Geologists search for surface minerals through visual examination, whereas geophysicists identify underground mineral deposits by detecting rock alterations beneath the surface. Geochemistry is also used to analyze samples of soil, rock, and water. These methods are supplemented by aerial or satellite photography and combined with historical maps and literature to develop detailed maps of surface and underground rock formations.
Drilling is used to search for mineral occurrences or clues in the rocks that may lead to mineral deposits. The information gathered during this stage may or may not lead to a discovery of valuable minerals.
Drilling penetrates deep into the ground and brings up samples of whatever it finds on its way. If there is any mineralization at given points far beneath the surface, drilling can give a straightforward answer and can quantify its presence at that particular point.
There are two main methods of exploratory drilling. Core drilling, yields a solid cylinder shaped sample of the ground at an exact depth. Percussion drilling, or Reverse Circulation (RC) drilling yields a crushed sample, comprising cuttings from a fairly well determined depth in the hole. Beyond that, the drill hole itself can provide a complementary amount of information, particularly by logging using devices to detect physical anomalies, similar to the geophysical surveys mentioned above.
The core is an intact sample of the underground geology, which can be examined thoroughly by the geologist to determine the exact nature of the rock and any mineralization. To quantify the mineralization, and to define the shape, size and metal content of the deposit, a step by step procedure in exploration activities is required. At every step of this procedure, the geologists examine the information at hand, to recommend continuing the exploration efforts or not.
The objective is to be fairly certain that the deposit is economically viable by providing detailed knowledge of the geology for a clear financial picture. Ore is an economic concept, defined as a concentration of minerals, which can be economically exploited and turned into a saleable product.
In the majority of cases, mining will start with open-pit excavation, gradually turning into underground mining once the waste to ore ratio becomes too excessive at deeper depths..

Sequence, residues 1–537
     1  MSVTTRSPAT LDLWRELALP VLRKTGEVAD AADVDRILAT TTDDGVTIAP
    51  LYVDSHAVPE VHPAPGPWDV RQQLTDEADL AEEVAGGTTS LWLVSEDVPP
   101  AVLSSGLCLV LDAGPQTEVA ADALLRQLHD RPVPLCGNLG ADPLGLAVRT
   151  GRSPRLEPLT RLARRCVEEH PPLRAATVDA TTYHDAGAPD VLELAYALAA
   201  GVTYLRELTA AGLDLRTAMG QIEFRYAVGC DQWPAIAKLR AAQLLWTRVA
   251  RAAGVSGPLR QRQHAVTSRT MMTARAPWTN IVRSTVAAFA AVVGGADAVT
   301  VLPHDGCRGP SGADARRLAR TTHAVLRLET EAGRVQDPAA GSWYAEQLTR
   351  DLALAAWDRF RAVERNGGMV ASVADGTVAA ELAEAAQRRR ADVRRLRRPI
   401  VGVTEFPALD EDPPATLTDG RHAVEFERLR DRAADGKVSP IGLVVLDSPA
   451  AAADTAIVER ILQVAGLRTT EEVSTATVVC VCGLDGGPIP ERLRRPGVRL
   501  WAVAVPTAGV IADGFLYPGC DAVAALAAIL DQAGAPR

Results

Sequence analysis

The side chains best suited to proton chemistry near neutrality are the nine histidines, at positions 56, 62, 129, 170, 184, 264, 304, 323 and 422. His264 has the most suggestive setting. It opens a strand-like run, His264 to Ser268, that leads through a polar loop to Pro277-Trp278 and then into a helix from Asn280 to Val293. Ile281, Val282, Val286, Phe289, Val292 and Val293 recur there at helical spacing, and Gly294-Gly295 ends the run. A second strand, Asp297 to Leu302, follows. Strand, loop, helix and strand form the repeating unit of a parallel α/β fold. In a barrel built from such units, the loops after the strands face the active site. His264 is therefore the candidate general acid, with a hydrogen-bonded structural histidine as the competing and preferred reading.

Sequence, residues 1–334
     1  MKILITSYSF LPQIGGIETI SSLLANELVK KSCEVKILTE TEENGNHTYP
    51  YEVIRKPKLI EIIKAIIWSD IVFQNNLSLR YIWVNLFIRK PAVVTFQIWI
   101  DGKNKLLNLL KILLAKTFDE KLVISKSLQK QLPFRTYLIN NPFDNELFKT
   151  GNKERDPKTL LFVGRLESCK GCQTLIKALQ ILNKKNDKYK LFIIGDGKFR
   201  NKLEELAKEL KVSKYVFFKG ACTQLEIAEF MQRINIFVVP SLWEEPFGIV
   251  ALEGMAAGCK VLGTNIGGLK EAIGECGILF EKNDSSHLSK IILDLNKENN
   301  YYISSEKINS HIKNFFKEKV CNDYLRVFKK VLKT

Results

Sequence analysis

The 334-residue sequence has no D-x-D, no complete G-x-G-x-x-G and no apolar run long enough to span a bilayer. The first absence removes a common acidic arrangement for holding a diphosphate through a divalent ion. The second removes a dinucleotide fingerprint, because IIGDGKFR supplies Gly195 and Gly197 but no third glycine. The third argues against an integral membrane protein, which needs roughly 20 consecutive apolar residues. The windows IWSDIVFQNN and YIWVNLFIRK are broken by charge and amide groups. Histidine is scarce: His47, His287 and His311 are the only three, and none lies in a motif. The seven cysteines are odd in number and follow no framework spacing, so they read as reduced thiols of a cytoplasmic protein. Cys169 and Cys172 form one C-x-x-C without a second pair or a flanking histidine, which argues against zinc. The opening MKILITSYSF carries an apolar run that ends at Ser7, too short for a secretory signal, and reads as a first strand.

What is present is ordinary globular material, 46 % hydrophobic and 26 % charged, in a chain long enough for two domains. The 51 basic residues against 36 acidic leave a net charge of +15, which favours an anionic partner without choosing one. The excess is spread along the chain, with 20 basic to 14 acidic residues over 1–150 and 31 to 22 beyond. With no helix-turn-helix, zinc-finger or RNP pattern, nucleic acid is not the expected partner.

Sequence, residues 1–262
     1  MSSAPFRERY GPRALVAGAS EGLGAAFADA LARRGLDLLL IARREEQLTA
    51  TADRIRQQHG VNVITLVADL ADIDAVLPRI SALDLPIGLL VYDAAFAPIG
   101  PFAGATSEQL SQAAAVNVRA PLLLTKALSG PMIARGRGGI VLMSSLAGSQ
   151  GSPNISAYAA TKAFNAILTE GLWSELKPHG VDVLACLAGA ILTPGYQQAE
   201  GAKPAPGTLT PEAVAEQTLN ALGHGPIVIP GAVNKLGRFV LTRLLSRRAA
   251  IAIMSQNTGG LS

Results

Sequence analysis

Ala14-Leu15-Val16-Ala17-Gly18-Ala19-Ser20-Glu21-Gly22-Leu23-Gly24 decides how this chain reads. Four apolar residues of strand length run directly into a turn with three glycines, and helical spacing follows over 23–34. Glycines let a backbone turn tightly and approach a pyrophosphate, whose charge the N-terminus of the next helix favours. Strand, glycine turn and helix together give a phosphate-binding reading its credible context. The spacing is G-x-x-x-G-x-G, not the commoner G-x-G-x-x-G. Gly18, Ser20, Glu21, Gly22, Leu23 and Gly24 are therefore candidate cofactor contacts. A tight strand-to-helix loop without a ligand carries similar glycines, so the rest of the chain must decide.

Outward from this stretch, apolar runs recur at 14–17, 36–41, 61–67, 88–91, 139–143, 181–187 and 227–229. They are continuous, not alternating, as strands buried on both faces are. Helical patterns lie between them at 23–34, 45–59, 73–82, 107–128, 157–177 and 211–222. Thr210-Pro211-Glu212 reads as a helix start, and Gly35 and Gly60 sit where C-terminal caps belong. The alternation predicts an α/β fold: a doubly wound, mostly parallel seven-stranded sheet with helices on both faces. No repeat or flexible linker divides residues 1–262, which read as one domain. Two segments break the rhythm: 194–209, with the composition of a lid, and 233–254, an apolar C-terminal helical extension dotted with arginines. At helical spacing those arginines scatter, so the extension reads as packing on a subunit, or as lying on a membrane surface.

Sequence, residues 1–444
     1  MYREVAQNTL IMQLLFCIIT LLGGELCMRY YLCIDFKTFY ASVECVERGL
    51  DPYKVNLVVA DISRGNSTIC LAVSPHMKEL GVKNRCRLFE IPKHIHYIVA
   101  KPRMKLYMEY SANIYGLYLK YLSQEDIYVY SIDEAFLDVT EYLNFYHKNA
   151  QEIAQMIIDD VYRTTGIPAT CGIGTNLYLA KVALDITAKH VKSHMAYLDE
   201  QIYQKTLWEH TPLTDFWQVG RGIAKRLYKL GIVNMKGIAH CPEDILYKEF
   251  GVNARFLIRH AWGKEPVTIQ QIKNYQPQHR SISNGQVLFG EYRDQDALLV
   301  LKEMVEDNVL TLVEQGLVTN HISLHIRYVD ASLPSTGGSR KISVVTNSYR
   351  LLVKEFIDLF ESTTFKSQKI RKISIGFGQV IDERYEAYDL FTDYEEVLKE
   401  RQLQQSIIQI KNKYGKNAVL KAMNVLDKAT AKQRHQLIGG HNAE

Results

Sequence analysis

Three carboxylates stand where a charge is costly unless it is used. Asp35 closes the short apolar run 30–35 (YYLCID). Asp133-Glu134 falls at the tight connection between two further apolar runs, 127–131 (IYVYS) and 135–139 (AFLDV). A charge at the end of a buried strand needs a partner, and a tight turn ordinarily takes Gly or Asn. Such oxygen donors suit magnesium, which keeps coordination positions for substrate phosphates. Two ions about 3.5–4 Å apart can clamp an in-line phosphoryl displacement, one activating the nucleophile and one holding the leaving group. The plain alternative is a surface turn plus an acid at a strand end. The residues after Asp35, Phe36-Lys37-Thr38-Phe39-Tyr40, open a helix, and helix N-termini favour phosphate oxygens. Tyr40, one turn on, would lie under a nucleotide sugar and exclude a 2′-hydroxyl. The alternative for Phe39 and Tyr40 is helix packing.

While exploration has never been as challenging as it is today, advances in technology have meant that the most arduous and repetitive tasks of drilling can be confidently overcome – largely thanks to the rapid progress of advanced control systems and automation.
Gone are the days when operators had to pay close attention to every aspect of drilling at every second of each shift, which often required immense physical and psychological stamina. Automation is now one of the reasons why exploration projects are perfectly viable at sites that are exposed to severe weather events and extreme temperatures.
In addition, automated functions play a critical role when it comes to living up to modern safety standards for operators on site and are also viewed as an important way of maximizing efficiency and the predictability of drilling performance.
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Exploration drilling requires drilling deep holes to locate reserves of energy and important minerals. This can be on-shore and off-shore.
By its very nature, mineral exploration involves drilling to discover what is below the surface. Drilling is used to obtain detailed information about rock types, mineral content, rock fabric and the relationship between the rock layers close to the surface and at depth.
The most important minerals are Iron ore, Silver, Gold, Cobalt, Bauxite, Lithium, Zinc and Potash.
As competition gets tougher and tougher, it all comes down to the bottom line. Meaning; total cost vs productivity. To make the right operational decisions, you need all the information you can get.